The emergence of arboviruses such as Chikungunya virus (CHIKV) in Brazil is a serious threat. CHIKV is an alphavirus (Togaviridae) that, in Africa, shifted from an enzootic maintenance cycle involving non-human primates to a human-mosquito-human cycle in which humans serve as amplification hosts and the anthropophilic mosquitoes Aedes aegypti and A. albopictustransmit the virus in urban settings1. Mutations of the original African strain improved the fitness of the virus in these anthropophilic vectors, allowing the spread of CHIKV worldwide2. Cases of vertical transmission of CHIKV from mothers to their newborns have been reported3.
An Asian genotype of CHIKV was introduced to the Americas through the Caribbean in December 2013, and the first autochthonous Brazilian cases were reported in September 2014 in the northern state of Amapá. Interestingly, at the same time, another genotype of CHIKV, the East, Central and South African and Asian strain (ECSA), was found in Feira de Santana City, Bahia State (Northeast Brazil). CHIKV ECSA rapidly spread through other northeastern states4. In 2015, a total of 20,598 cases of Chikungunya fever were reported in Brazil. In 2016, more than 220,000 notifications were issued throughout the country; during the first semester of 2017, outbreaks of CHIKV infection occurred in practically all Brazilian regions and were particularly severe in the States of Ceará and Minas Gerais, with more than 80,000 and about 20,000 cases, respectively4.
CHIKV was first recognized as a human pathogen in 1952 during an outbreak in Tanzania. The virus produces a self-limiting disease in most infected individuals. Chikungunya is an acute febrile illness with joint pain and a conspicuous rash. During the acute phase, the infection can produce high levels of viremia [109 ribonucleic acid (RNA) copies/mL]. A humoral response based on neutralizing antibodies can be detected three days after the onset of illness; this is followed by a rapid virus clearance. The joint pain can be severe and accompanied by arthritis and, based on American studies, can become chronic in many patients5. In a subset of patients, mononuclear cells may become chronically infected with CHIKV. These cells were shown to trigger proinflammatory responses and osteoclastic activity in the bones showing joint destruction6. Chronic arthropathy as a sequel of most CHIKV infections is a serious public health problem. Large numbers of individuals who are unable to work due to chronic joint disease can cause major socioeconomic repercussions.
During large-scale CHIKV outbreaks such as those that occurred in Polynesia and Brazil, uncommon clinical features of Chikungunya were observed. Atypical and severe clinical forms of CHIKV infection have been seen in the elderly and in patients with underlying comorbidities such as hypertension, cardiorespiratory disabilities, and diabetes (among other chronic diseases). Unusual clinical presentations of CHIKV infections include hepatitis, myocarditis, hemorrhagic phenomena, central nervous system manifestations (meningitis/encephalitis), Guillain-Barré syndrome, retrobulbar neuritis, cardiac diseases (pericarditis/myocarditis), and congenital disease after maternal-fetal transmission of the virus7,8.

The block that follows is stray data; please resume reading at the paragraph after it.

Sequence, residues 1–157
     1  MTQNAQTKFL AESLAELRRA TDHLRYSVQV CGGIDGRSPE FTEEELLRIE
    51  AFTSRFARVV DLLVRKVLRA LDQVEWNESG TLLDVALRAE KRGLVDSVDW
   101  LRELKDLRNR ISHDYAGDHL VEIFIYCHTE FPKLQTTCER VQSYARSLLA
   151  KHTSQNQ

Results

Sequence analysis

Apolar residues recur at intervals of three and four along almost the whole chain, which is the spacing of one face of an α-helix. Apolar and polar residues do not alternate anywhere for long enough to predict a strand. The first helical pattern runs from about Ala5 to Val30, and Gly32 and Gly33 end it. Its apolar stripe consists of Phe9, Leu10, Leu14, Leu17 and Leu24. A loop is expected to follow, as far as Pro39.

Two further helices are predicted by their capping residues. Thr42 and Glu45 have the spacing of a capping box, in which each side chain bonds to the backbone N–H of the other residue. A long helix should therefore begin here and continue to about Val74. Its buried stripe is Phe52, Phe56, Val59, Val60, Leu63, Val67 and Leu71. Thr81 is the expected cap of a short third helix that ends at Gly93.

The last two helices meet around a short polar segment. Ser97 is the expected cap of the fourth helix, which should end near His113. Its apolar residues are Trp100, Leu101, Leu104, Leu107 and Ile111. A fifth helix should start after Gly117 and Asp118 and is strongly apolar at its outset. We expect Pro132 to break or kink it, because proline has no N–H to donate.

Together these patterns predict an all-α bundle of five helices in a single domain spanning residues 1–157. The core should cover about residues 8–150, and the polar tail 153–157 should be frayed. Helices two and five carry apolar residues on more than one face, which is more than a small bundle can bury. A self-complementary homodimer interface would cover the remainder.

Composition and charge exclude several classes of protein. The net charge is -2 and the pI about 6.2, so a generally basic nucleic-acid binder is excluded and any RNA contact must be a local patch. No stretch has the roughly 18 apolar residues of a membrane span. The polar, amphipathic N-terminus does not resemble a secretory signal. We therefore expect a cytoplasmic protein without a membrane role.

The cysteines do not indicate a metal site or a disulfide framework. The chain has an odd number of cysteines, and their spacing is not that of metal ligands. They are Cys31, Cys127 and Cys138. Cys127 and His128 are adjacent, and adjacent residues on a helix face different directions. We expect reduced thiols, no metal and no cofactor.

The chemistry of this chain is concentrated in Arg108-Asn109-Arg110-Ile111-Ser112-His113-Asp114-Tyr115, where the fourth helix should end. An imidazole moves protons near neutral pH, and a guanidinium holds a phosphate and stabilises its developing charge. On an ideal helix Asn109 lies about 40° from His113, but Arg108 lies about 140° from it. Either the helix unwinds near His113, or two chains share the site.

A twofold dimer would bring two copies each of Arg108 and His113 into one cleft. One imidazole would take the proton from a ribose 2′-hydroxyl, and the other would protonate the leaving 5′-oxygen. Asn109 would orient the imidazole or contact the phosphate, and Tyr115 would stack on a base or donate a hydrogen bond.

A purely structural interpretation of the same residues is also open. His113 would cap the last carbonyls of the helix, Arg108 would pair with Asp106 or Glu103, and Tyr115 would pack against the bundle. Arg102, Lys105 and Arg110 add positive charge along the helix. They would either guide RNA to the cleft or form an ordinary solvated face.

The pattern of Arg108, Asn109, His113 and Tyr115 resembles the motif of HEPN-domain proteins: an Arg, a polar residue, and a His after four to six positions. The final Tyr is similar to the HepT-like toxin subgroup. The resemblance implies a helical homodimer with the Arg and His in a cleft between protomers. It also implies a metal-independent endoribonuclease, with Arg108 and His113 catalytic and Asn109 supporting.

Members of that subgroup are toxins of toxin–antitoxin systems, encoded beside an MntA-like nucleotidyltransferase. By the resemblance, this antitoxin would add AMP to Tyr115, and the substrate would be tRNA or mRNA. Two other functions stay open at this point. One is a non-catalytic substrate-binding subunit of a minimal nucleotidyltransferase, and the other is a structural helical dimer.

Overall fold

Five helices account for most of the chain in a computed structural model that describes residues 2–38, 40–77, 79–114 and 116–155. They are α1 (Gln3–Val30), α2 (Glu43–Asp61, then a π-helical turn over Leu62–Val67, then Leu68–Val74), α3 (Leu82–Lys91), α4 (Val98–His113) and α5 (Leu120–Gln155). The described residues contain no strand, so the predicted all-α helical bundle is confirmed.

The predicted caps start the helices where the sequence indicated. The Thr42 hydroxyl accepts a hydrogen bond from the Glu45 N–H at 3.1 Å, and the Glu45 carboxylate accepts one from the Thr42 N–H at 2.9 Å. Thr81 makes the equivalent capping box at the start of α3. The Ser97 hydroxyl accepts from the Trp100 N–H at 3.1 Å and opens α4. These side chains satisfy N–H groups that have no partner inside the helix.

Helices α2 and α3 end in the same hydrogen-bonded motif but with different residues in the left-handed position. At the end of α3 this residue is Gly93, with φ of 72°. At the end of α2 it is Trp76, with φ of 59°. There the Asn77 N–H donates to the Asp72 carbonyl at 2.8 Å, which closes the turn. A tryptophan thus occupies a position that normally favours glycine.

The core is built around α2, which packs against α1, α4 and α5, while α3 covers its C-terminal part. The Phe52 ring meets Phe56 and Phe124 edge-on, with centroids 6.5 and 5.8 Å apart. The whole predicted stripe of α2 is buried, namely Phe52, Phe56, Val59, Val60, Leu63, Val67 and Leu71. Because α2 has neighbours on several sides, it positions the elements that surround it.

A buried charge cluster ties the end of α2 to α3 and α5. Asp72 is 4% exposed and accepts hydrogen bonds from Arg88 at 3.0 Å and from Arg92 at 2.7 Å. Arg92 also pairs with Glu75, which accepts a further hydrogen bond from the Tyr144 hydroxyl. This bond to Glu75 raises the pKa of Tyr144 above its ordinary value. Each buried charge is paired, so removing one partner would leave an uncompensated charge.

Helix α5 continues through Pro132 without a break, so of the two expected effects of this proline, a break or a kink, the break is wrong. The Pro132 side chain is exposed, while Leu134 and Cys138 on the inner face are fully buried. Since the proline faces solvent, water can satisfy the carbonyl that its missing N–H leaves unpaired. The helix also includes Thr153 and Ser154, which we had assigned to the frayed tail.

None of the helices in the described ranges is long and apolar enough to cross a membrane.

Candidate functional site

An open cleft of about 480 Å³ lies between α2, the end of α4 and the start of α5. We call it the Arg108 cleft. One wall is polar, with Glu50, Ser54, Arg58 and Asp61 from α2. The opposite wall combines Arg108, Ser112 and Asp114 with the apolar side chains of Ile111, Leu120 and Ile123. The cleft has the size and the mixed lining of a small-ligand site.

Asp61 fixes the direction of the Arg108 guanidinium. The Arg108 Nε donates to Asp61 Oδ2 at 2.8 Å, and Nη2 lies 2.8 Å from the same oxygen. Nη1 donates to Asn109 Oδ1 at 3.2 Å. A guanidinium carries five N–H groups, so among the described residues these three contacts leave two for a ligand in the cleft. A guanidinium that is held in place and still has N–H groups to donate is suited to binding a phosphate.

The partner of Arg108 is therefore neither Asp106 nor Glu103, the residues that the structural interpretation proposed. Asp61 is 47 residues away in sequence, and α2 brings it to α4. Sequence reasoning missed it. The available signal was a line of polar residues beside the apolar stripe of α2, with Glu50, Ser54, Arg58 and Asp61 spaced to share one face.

Considering that patients can die during either, the acute or chronic phase of Chikungunya, due to lesions triggered by the virus itself or due to secondary complications of the infection, it is difficult to confirm deaths by CHIKV infection. Moreover, the concomitance of outbreaks of the dengue and Zika virus infection and the occurrence of a similar disease caused by Mayaro (an American alphavirus related to CHIKV) in Brazil complicate the identification of CHIKV infection as the cause of death. Despite these challenges, the Brazilian Ministry of Health recognized more than 200 deaths related to CHIKV infection in 2016 and more than 50 in 20179.
CHIKV is widespread in Brazil, and other large outbreaks can be expected any time in cities infested by A. aegyptimosquitoes. In this context, it is crucial to analyze these outbreaks, including assessments of the most severe cases and deaths caused by CHIKV infection, as presented in an article in this issue of the Revista da Sociedade Brasileira de Medicina Tropical (RSBMT). Moreover, the physiopathology of the chronic joint disease caused by CHIKV should be studied to identify treatments that can mitigate this complication of the disease. Finally, vaccines that will likely be available shortly will be important tools for controlling the threat of CHIKV.